A Store of Guesswork

 The problem is that no one knows for sure. I have talked to several people who are close to the metals trading industry (whom I have known for a long time) and they do think that this situation is likely as I have described it, but there could be other technical explanations that could mean this thesis is wrong (mostly having to do with that fact that interest rates are near zero). We will only know for sure as time goes by and new developments occur. (All of the above is also why so many people who have opinions about gold base them solely, and often erroneously, on the chart patterns.) As for the miners, it is even harder to be certain about them, because their whole business revolves around the hard-to-determine future gold price.

The bottom line is it takes melding together lots of clues, charts, and fundamental guesswork to be able to have a correct opinion about the gold price. Obviously getting the overall trend, bull market or bear market, correct is a huge help. I did that pretty well in the bull market, but totally missed the shift to the bear market. I can't believe it, but it took me well over a year to consider the possibility that gold had slipped into a bear market. In any case, I think we are now in the process of restarting the bull market, but I don't know for sure and can't know. Until it is a bull market, it will still be a bear market, with the attendant dangers and different risk management (technique) requirements.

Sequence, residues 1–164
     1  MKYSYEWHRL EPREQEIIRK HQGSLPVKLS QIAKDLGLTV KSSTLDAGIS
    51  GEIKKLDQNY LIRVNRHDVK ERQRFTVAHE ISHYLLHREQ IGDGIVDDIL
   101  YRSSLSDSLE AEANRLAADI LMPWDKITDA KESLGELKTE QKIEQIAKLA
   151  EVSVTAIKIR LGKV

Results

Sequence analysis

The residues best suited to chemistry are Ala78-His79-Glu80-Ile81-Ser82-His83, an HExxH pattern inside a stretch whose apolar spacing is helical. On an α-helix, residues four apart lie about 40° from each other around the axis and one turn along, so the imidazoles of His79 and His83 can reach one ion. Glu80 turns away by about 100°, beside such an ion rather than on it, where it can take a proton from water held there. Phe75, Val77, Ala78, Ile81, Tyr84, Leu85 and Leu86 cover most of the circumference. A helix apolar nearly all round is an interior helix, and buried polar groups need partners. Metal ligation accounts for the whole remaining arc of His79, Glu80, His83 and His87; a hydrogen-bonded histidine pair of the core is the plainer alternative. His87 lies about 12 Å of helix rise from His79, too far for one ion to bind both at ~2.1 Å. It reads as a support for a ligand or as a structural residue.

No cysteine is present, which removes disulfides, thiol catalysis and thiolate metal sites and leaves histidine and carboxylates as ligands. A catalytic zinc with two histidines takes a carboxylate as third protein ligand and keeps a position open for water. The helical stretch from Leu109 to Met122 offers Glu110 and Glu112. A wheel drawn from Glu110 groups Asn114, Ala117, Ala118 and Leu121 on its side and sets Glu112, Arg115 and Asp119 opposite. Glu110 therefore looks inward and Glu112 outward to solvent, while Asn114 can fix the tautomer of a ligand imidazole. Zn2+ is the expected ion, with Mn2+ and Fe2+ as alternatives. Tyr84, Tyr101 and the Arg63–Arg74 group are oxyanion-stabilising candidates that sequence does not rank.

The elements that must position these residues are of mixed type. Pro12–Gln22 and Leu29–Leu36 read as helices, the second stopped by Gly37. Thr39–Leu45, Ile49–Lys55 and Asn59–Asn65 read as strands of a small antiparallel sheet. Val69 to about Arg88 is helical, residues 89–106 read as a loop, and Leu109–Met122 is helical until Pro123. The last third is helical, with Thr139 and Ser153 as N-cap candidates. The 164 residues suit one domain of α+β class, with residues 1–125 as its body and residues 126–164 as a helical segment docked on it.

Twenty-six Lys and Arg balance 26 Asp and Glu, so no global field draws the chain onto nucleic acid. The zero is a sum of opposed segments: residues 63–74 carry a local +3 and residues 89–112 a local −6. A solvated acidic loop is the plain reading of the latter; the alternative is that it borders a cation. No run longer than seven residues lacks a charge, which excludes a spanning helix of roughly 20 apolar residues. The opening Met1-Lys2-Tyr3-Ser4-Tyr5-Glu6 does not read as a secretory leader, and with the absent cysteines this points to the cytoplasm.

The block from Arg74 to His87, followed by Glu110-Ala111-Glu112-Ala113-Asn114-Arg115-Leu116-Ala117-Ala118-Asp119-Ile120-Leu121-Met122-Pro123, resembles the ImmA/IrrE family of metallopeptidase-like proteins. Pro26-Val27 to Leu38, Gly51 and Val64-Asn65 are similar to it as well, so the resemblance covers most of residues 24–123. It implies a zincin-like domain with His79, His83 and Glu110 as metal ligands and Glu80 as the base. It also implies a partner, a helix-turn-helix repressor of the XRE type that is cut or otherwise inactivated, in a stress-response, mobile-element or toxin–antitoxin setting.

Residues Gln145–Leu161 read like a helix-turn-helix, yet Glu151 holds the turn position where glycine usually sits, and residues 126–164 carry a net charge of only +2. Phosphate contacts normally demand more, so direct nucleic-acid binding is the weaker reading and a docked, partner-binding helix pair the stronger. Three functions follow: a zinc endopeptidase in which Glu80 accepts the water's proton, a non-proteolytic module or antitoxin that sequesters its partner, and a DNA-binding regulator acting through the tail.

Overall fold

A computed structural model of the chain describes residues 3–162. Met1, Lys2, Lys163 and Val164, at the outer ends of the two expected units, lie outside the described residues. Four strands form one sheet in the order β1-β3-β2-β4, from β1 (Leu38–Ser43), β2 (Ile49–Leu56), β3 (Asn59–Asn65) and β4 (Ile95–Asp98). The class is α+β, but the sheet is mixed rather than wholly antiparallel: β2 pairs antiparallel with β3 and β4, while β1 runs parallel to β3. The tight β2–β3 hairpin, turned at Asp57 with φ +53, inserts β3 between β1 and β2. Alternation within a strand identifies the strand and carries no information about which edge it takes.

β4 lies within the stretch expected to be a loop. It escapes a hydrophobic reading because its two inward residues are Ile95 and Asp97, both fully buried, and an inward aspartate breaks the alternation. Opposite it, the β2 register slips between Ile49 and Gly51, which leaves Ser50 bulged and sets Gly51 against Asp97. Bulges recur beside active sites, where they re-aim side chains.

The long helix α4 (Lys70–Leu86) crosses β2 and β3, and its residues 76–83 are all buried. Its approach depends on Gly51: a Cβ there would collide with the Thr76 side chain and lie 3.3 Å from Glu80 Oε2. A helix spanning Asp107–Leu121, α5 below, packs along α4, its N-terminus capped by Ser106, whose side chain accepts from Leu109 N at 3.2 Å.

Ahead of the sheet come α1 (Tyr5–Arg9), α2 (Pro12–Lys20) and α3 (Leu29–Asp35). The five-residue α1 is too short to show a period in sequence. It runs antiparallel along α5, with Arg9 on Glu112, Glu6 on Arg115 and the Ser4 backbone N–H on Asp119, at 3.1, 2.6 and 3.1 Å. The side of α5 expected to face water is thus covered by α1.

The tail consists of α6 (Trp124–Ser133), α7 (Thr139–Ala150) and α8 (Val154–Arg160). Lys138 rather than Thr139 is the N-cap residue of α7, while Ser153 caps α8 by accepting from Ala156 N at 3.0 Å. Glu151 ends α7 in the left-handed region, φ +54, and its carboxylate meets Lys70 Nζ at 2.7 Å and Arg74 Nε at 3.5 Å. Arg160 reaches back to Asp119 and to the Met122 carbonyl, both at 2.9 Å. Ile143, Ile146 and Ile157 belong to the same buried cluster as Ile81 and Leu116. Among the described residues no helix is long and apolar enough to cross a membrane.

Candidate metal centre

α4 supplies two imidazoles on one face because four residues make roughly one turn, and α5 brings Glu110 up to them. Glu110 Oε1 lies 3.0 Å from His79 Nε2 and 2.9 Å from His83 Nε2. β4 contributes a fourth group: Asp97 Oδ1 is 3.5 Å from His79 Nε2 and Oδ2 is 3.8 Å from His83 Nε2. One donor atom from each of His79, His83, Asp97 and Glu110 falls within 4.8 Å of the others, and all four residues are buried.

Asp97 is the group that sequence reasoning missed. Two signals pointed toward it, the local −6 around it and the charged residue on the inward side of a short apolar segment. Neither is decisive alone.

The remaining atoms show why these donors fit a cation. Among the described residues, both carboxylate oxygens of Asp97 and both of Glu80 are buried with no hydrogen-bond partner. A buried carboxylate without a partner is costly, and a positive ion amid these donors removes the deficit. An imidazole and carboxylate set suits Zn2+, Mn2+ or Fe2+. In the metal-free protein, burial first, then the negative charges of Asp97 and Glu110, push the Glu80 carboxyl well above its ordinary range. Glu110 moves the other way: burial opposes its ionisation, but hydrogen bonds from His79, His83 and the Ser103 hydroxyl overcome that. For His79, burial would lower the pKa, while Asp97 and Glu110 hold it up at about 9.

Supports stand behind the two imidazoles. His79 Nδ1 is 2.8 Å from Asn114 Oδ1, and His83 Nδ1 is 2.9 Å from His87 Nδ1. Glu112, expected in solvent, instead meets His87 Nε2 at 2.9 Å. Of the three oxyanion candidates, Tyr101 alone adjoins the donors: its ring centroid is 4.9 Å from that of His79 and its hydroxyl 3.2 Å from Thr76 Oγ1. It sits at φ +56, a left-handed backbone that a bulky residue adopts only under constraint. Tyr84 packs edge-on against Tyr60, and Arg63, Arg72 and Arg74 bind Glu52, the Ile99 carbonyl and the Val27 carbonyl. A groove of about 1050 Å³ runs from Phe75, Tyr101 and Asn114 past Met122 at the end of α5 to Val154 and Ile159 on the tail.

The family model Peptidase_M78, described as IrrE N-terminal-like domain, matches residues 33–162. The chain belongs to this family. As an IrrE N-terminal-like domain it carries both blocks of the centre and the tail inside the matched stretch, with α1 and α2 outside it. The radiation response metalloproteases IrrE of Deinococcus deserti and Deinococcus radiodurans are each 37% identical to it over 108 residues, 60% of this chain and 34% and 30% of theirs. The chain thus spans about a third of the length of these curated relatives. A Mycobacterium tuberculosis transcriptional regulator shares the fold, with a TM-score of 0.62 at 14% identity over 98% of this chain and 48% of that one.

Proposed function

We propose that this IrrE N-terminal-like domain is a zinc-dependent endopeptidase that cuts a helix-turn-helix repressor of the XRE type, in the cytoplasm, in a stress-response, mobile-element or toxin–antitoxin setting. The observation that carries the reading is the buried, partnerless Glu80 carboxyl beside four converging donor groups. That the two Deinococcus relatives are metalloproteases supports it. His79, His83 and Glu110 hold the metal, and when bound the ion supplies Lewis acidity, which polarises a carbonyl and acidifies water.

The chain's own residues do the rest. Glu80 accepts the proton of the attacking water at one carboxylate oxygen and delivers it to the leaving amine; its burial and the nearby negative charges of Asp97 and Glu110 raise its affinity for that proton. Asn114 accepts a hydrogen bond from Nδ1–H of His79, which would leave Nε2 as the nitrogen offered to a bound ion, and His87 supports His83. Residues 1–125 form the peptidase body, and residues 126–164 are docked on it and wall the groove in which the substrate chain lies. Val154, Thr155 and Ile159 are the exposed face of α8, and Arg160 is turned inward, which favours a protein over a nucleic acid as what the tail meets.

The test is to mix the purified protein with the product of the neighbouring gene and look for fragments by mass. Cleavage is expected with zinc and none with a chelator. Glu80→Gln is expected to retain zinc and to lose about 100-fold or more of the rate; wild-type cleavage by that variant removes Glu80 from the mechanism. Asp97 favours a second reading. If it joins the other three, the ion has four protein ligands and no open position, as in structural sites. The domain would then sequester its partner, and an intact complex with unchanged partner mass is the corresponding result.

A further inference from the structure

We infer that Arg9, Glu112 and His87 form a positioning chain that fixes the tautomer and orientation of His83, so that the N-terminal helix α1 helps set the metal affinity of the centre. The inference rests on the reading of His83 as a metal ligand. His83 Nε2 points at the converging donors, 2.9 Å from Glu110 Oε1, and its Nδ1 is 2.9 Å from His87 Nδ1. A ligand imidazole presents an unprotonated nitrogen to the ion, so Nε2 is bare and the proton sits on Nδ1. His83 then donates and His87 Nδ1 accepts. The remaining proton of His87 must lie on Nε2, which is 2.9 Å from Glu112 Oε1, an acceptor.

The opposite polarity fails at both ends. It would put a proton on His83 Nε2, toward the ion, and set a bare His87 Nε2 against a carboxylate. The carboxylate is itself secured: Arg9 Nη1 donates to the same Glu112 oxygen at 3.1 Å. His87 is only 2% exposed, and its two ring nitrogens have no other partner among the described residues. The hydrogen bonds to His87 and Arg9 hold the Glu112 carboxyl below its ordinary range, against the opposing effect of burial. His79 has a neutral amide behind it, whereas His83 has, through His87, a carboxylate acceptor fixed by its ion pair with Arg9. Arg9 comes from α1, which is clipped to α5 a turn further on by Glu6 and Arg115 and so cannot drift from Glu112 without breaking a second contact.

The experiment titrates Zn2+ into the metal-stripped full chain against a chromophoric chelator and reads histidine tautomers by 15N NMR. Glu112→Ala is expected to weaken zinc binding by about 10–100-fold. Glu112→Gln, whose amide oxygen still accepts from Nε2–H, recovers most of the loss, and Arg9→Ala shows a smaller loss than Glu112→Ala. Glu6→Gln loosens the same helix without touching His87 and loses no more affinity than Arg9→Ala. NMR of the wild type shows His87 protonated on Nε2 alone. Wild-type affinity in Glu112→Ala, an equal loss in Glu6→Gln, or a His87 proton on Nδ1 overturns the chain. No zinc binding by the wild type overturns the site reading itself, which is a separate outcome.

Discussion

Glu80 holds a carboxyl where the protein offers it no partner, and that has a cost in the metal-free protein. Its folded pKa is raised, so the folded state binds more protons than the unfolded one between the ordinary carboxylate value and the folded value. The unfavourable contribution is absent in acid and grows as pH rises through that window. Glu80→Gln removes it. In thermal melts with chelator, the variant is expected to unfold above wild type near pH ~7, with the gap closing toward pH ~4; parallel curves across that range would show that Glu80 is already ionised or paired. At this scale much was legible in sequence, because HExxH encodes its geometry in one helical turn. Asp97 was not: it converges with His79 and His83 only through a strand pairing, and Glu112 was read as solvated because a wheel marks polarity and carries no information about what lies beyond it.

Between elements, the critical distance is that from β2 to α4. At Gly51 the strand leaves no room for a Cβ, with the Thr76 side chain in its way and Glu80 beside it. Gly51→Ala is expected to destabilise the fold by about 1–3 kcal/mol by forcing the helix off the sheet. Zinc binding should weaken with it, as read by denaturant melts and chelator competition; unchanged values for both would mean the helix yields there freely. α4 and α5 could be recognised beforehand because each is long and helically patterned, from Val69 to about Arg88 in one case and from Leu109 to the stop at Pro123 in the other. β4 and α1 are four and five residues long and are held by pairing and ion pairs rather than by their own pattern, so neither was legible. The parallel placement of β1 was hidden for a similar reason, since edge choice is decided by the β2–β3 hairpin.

(In the investment business we all have periods when we are hot and when we are cold. On that subject, one has to realize in one's own investing there are periods where most everything you think and do is correct, and when that is the case it is possible to be more aggressive. And while it is easy to make money when it seems as though you are getting the Wall Street Journal a week early, the bigger trick is not to get killed when it seems that you can do nothing right. When that inevitably happens, you must spend more time sitting on your hands while waiting for your view of how the world should work to coincide with that of the masses, a.k.a., the market.)